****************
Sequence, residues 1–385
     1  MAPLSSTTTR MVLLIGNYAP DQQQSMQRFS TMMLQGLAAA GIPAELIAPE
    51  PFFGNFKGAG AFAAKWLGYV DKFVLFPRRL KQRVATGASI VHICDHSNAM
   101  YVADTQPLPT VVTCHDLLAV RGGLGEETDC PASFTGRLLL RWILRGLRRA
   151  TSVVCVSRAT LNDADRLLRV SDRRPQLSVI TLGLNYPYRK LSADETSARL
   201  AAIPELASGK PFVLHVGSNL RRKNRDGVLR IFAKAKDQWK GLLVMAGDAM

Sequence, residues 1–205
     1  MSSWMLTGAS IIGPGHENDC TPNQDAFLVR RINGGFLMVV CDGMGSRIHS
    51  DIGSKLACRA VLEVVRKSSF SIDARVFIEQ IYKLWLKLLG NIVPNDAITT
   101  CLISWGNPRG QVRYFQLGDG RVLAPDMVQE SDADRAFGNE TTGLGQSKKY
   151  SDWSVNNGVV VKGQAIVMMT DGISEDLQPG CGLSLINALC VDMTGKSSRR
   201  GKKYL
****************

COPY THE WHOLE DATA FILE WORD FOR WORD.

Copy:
Sequence, residues 1–385
     1  MAPLSSTTTR MVLLIGNYAP DQQQSMQRFS TMMLQGLAAA GIPAELIAPE
    51  PFFGNFKGAG AFAAKWLGYV DKFVLFPRRL KQRVATGASI VHICDHSNAM
   101  YVADTQPLPT VVTCHDLLAV RGGLGEETDC PASFTGRLLL RWILRGLRRA
   151  TSVVCVSRAT LNDADRLLRV SDRRPQLSVI TLGLNYPYRK LSADETSARL
   201  AAIPELASGK PFVLHVGSNL RRKNRDGVLR IFAKAKDQWK GLLVMAGDAM

Sequence, residues 1–205
     1  MSSWMLTGAS IIGPGHENDC TPNQDAFLVR RINGGFLMVV CDGMGSRIHS
    51  DIGSKLACRA VLEVVRKSSF SIDARVFIEQ IYKLWLKLLG NIVPNDAITT
   101  CLISWGNPRG QVRYFQLGDG RVLAPDMVQE SDADRAFGNE TTGLGQSKKY
   151  SDWSVNNGVV VKGQAIVMMT DGISEDLQPG CGLSLINALC VDMTGKSSRR
   201  GKKYL